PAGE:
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The Art of Skin Shading

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Skin shading is a large part of creating portrait and people art. In today's article I'm going to show you different styles of skin shading and give you some helpful tips on creating flawless skin in your vector work!

Skin shading may seem like a minor part of illustrating people and portraits, but looks can be very deceiving.

Since getting into vector portraits and vectoring people, I've noticed how when the compliments come in they always talk about how wonderful the hair is, the eyes are, the lips are... everything apart from the largest organ of the body, which is visible to all - the skin.

Whenever I create a portrait, the skin shading takes up the majority of my time; however, when writing it in a tutorial it will take up only a small chunk of the steps... it's very deceiving! I take so much care over skin shading as it is one of those elements of a portrait, if it's done well it goes unnoticed and unappreciated. Although, should you come across problems and don't render it as effectively, it's picked up on straightaway.

Skin Shading Styles

When starting on a project involving people, one of the first questions you tend to ask yourself is the style in which you do it. This then will dictate the style of skin shading you'll do. While some artists approach the area with fine detailing and precisely layered shapes, others may use a more random style and minimal elements. So let's look at some styles of rendering skin shading.

Gradient Meshing

If you're going for hyper-realistic skin shading with no signs of layering of shapes, gradient meshing is one of the tools for you. It's one of those styles that can create flawless skin, but can be frustrating to master. By effectively using the Eyedropper Tool and a reference image, you can create realistic skintones and shading, which can often look like a duplicated photograph, rather than a vector graphic.

If you'd like to see how to create just one area of the skin shading in this piece, you can check out this Gradient Mesh Introduction tutorial on how Quarrie Franklin created just the arm.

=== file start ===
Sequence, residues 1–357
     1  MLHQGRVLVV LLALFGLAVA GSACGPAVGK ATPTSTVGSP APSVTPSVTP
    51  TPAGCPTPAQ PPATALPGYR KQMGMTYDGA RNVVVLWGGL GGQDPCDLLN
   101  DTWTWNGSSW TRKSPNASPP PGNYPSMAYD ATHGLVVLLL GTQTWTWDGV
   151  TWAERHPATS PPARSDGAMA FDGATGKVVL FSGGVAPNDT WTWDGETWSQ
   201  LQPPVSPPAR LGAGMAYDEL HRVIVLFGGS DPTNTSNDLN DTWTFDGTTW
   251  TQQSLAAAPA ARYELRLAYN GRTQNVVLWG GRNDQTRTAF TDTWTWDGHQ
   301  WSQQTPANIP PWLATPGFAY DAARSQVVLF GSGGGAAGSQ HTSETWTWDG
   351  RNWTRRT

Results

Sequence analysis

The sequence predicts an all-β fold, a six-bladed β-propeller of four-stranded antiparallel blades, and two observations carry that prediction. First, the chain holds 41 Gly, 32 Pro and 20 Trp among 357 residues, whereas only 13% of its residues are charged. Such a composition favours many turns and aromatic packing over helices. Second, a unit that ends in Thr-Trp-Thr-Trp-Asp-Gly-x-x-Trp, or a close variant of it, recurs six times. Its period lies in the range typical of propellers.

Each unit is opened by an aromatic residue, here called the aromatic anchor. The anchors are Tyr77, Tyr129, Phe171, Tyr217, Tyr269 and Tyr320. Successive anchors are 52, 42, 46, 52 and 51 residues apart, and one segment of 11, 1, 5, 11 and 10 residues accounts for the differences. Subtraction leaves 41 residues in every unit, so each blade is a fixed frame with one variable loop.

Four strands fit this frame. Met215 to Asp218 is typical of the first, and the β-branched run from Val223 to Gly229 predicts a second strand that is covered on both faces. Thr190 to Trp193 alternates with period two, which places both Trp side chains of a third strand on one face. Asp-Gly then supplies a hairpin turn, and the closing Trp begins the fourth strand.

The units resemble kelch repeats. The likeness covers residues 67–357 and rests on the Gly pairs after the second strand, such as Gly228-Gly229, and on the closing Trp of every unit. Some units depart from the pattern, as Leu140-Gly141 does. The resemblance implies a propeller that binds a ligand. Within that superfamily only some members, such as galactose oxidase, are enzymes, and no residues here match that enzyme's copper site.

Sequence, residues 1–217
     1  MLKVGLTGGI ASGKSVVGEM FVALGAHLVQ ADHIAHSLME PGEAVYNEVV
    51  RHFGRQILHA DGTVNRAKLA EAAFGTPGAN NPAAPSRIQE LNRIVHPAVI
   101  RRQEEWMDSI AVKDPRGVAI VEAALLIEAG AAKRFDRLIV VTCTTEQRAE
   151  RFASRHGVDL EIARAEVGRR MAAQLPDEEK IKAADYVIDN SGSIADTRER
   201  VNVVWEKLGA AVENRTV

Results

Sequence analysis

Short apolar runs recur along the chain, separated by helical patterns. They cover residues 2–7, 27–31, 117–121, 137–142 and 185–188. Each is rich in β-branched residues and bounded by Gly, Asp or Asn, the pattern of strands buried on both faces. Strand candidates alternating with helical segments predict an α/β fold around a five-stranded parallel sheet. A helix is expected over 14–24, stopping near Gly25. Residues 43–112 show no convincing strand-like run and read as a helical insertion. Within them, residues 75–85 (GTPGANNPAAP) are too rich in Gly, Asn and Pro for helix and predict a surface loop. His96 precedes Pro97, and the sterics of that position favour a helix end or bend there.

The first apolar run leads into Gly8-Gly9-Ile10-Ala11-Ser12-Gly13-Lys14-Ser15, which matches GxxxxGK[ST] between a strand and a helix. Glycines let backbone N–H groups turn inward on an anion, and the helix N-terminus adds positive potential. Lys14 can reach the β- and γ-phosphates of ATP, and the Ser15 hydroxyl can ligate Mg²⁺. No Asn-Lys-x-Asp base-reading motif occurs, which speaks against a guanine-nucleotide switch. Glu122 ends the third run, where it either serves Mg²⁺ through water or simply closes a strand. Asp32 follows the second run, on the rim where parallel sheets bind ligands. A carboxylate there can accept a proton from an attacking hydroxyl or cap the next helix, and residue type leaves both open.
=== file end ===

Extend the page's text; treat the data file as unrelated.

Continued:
Feathering and Blurring

Shapes that are feathered or blurred can create a smooth appearance on the skin. Although they aren't strictly vector*, they are still scalable effects within Illustrator. You can still maintain a layered object look, but also have a more realistic look to the curves of the skin.

To check out how you can create skin shading in this style, the legendary LimKis shows you in this step by step tutorial of how mixing blurred shapes and clipping masks can create effortlessly smooth skin.

*Feathering and blurring are raster based effects. In Illustrator when you apply these effects, it will duplicate the shape, rasterize it and then apply either the blur or feather effect. It then combines the raster shape with the vector shape. You can modify the settings of the shape and reshape/rescale as you wish because it is a live effect. Test this out in Illustrator by expanding your feather/blurred shape to see the raster component.

Gradients

Gradients can help keep a connection with the appearance of layered vector shapes, but provide a stylish detailing that solid shapes cannot. Using solid gradients can maintain the layered shape appearance; however, transparent gradients will create a more smooth appearance that say feathering and blurring can.

What I love about this piece is it's complex gradients, yet when you view the outlines, you can see how much skill has went into placing the gradients within the composition.

Alpha Masking

This is more of a technique in Photoshop, where mixing vector shapes and raster masks can help create this style of skin shading.

Vector artist Aseo tells me he creates vector shapes, then uses Alpha Masks in Photoshop by using brushes to make visible areas of the skin shading he wants visible. It certainly helps create an effective style of skin shading unique to the artist.

Posterizing

If you're just starting out in vectoring portraits, you may have come across this style of skin shading. By posterizing your stock image and then tracing the shapes visible, you can create this almost blocky effect. Want the skin shading to look more realistic? Well if you have time to spare you can increase the posterization level to give you more shapes to trace.

I'm personally not so keen on this way of rendering, as it teaches you more to trace than to recognize by your own eyes to where the contours are on the skin; however, it is a good exercise for tracing and mastering the Pen Tool. You can check out how to create this image via Chris Spooners's tutorial.

Minimal Shading

I'm of the opinion it takes some skill to create an amazing piece of art out of minimal elements and this is pretty similar to using minimal shapes to create skin shading. By using smaller shapes of highlights and shadow, you can create effective skin shading without the need for huge amounts of layering.

With this style, you're looking at drawing just the key highlights (maybe on the nose tip or cheeks) and the darkest of shadows (cast by the nose, the eyelids and maybe the side of the face). Next time you're putting together a complex skin shading piece, try removing 90% of the shapes you've created, and go back to the absolute minimum to see how you can change the style of your piece.

Lines